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Charles Wesley, 1707-1788

by Alan C. Clifford, ©1997 Heath Christian Bookshop Charitable Trust.


Charles WesleyThe Rev. Charles Wesley, M A., "sweet singer of Methodism" and arguably the greatest hymn writer ever, died on March 29th 1788. As a hymn writer he needs no introduction. His hymns show little sign of losing their appeal after more than 200 years. However, little else is commonly known about the life of one who was seemingly lost in his brother's shadow... Although the Methodist Church has every reason to remember Charles Wesley on what is also the 250th anniversary of the brother's conversion (May, 1738), evangelical people of all denominations have cause to thank God for hymns which are in a sense the property of us all.

The Beginnings.

"If ever there was a human being who disliked power, avoided prominence, and shrank from praise, it was Charles Wesley." So wrote someone who knew him well. Even if he tended to be hidden by his brother's exploits, Charles Wesley's life was far from a shadowy existence. He was born on December 18th 1707, the third surviving son and eighteenth child of Samuel and Susanna Wesley. He was not fifteen months old when the old Rectory at Epworth was totally destroyed by fire. Charles, like John, had to be rescued from the inferno. He was hastily carried by a maid and placed safely in his mother,s arms.

Samuel Wesley's ambition was to make scholars and clergymen of his three sons—the daughters, alas, had lesser prospects and little happiness. John was educated at Charterhouse, but Charles like his older brother Samuel was sent to Westminster school. As well as proving an excellent scholar, Charles showed his mettle by defending others from the school bullies. In June 1726, he entered Christ Church, Oxford. By then, John had been ordained and elected a Fellow of Lincoln College. When he tried to restrain the rather careless and fun loving ways of his young brother, Charles resisted with "Would you have me to become a saint all at once?" If Charles was no less a scholar than John, he was less calm and collected than his brother, and subject to emotional ups and downs. When he graduated in 1730, father Samuel wrote from Epworth, "You are now fairly launched. Hold up your head and swim like a man." After John returned for a while to Epworth to assist his father, Charles became deeply exercised about spiritual things. He gathered together some others who shared his new religious seriousness. Thus began the "Holy Club" in 1729, its members soon to receive the nickname "Methodists." While John later became leader of the little group, it was started by Charles. Thus he was properly the "first Methodist." In 1732, George Whitefield of Pembroke College joined the group, and a close bond of friendship developed between himself and Charles Wesley who was now a College tutor.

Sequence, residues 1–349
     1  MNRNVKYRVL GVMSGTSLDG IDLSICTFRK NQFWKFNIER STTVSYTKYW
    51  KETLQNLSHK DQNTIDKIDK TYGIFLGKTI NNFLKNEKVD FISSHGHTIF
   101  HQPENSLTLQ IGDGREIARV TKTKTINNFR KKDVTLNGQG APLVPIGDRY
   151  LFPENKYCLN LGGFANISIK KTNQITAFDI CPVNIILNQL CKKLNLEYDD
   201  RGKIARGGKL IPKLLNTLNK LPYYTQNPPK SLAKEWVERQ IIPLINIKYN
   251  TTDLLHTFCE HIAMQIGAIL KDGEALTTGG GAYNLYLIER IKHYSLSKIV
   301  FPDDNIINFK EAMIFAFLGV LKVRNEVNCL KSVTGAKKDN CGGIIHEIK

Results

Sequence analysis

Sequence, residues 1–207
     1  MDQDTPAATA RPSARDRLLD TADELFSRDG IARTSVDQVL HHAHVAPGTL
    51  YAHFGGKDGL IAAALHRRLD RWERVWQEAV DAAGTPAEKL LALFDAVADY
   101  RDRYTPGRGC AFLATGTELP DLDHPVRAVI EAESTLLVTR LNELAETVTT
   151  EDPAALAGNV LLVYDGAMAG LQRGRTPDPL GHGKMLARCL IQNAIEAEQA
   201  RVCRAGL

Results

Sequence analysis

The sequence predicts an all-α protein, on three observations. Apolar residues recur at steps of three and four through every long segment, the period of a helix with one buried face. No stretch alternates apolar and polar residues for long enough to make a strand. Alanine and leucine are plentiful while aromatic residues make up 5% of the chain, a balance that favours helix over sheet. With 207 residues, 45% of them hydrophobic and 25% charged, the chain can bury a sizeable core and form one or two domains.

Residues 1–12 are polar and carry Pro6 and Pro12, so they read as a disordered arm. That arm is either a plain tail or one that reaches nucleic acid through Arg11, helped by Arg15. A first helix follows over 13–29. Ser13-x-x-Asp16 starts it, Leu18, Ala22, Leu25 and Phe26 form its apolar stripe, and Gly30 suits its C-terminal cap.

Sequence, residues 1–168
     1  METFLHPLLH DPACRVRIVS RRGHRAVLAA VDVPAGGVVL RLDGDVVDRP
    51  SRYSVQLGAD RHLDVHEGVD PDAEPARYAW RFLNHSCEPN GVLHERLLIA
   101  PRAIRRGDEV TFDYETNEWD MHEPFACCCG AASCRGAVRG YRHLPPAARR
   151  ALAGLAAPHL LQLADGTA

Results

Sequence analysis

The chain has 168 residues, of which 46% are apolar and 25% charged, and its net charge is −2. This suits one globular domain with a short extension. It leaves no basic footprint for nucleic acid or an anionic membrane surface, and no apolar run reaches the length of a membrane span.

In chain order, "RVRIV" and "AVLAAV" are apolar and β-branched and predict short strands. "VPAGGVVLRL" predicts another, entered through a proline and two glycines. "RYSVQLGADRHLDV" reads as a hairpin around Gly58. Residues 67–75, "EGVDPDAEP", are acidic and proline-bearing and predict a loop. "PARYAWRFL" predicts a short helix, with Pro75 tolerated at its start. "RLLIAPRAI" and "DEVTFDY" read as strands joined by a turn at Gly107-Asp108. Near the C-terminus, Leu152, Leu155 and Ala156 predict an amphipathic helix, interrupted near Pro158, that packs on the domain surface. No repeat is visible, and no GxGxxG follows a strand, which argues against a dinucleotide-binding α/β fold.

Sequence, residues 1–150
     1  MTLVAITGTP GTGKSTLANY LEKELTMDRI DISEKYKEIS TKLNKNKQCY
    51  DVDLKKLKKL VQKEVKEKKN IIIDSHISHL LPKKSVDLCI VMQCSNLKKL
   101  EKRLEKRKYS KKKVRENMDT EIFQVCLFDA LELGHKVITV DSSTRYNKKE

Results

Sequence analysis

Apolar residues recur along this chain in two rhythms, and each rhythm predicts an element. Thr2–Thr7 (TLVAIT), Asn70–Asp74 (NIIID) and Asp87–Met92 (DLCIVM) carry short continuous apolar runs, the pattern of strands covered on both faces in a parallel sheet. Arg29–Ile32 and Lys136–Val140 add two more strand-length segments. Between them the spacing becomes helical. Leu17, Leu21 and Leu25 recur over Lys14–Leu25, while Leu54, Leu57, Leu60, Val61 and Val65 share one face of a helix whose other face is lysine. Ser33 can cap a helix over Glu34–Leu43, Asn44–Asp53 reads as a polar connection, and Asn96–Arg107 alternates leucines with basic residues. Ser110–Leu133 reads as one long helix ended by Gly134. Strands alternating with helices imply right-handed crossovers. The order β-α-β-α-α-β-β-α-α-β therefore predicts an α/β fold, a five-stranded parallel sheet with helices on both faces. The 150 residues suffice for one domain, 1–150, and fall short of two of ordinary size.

There is no doubt that the Holy Spirit was at work in the lives of these young men. Even before they were delivered from the legalism of their sincere but lifeless religion—Whitefield was the first to find assurance of salvation in May 1735—there were signs of life. On his death-bed in April 1735, old Samuel said to John, "The inward witness, son, the inward witness, this is the proof, the strongest proof of Christianity." Laying his hand on Charles' head, Samuel said "Be steady. The Christian faith will surely revive in this kingdom. You shall see it; though I shall not."

Georgia and Failure.

Charles accompanied John on the mission to the new colony of Georgia in 1735. He actually served as the secretary of the Governor, General James Oglethorpe. The entire episode was to prove a failure. The two brothers, having led hitherto a relatively sheltered and privileged life, were no match for the conditions and characters they were to meet. Life was hard in every sense. Misrepresentations and accusations of scandal at the hands of unprincipled people quite broke Charles' spirit. "Life is bitterness to me," he wrote at this time. Feeling somewhat shattered, Charles left Georgia, landing in England on December 3rd 1736. John was to remain in Georgia for another year.

Having recovered a measure of strength and self respect, Charles was soon meeting important people. Having been deeply impressed by the godly Moravians in America, he was similarly affected on meeting their leader Count Zinzendorf in London. He was selected to appear before King George II on behalf of the University of Oxford at Hampton Court on August 26th 1737. But despite the dignified circles he was now moving in—he was something of a celebrity having returned from Georgia—Charles was full of unrest and uncertainty. In his distress, he sought help from the mystic William Law, but to no avail. An old friend from the Holy Club, Benjamin Ingham wrote to John, "Charles is so reserved, he neither writes to me nor comes to see me..."